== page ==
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LECTURE 31: DISCRIMINATIVE TRAINING
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LECTURE 31: DISCRIMINATIVE TRAINING

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  1. LECTURE 31: DISCRIMINATIVE TRAINING • Objectives:Bayes RuleMutual InformationConditional LikelihoodMutual Information Estimation (CMLE)Maximum MI Estimation (MMIE)Minimum Classification Error (MCE) • Resources:K.V.: Discriminative TrainingX.H.: Spoken Language ProcessingF.O.: Maximum Entropy ModelsJ.B.: Discriminative Training

  2. Entropy and Mutual Information • The entropy of a discrete random variable is defined as: • The joint entropy between two random variables, X and Y, is defined as: • The conditional entropy is defined as: • The mutual information between two random variables, X and Y, is defined as: • There is an important direct relation between mutual information and entropy: • By symmetry, it also follows that: • Two other important relations:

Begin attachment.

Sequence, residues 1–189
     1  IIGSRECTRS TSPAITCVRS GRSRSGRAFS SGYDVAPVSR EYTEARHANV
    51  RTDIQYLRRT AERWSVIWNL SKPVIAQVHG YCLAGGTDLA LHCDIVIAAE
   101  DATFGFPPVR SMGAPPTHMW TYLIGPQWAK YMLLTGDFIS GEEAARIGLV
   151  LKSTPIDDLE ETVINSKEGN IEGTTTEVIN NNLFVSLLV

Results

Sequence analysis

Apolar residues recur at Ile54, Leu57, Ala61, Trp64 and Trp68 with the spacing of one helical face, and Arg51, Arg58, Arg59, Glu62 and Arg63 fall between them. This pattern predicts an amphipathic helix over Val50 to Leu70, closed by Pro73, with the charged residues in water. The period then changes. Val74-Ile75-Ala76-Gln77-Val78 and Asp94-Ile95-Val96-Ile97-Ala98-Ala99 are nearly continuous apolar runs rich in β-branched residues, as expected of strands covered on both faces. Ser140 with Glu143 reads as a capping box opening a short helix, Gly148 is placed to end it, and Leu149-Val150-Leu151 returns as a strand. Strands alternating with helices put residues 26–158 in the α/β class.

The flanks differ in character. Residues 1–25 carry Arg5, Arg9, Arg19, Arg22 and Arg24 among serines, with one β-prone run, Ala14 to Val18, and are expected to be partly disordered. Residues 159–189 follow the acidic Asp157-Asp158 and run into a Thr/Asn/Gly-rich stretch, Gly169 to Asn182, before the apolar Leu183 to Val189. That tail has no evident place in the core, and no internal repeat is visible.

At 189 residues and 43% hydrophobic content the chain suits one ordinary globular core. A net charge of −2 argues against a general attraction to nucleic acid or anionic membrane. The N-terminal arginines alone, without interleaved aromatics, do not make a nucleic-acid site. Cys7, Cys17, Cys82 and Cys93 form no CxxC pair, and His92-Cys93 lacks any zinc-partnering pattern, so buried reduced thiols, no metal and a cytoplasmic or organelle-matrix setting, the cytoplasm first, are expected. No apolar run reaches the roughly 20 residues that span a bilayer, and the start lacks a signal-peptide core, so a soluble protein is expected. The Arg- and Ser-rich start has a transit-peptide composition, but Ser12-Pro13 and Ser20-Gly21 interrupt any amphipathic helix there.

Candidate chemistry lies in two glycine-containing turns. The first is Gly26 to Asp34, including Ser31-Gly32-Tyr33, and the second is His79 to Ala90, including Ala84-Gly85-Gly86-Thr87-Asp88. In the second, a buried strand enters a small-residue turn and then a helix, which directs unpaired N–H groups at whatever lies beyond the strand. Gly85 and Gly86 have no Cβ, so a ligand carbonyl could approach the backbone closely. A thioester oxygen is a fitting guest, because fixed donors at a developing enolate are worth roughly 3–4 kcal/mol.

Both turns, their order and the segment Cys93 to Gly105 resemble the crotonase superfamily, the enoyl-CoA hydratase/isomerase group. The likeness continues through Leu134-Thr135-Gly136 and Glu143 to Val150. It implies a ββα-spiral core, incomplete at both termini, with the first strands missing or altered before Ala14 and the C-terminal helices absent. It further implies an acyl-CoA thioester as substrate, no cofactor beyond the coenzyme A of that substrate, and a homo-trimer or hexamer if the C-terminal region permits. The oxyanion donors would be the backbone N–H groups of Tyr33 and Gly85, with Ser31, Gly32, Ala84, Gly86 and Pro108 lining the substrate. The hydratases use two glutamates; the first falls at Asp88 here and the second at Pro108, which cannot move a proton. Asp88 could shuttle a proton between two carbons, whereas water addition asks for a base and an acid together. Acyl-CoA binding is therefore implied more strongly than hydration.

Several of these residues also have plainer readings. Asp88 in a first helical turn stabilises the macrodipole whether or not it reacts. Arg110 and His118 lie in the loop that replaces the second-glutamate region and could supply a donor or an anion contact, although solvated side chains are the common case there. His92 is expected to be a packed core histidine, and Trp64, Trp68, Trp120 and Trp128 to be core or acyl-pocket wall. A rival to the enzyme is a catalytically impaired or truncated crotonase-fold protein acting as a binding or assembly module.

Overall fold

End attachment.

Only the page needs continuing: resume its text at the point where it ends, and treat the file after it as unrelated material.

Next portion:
3. Mutual Information in Pattern Recognition • Given a sequence of observations, X = {x1, x2, …, xn}, which typically can be viewed as features vectors, we would like to minimize the error in prediction of the corresponding class assignments, Ω = {Ω1, Ω2, …,Ωm}. • A reasonable approach would be to minimize the amount of uncertainty about the correct answer. This can be stated in information theoretic terms as minimization of the conditional entropy: • Using our relations from the previous page, we can write: • If our goal is to minimize H(Ω|X), then we can try and minimize H(Ω) or maximize I(Ω|X). • The minimization of H(Ω) corresponds to finding prior probabilities that minimize entropy, which amounts to accurate prediction of class labels from prior information. (In speech recognition, this is referred to as finding a language model with minimum entropy.) • Alternately, we can estimate parameters of our model that maximize mutual information -- referred to as maximum mutual information estimation (MMIE).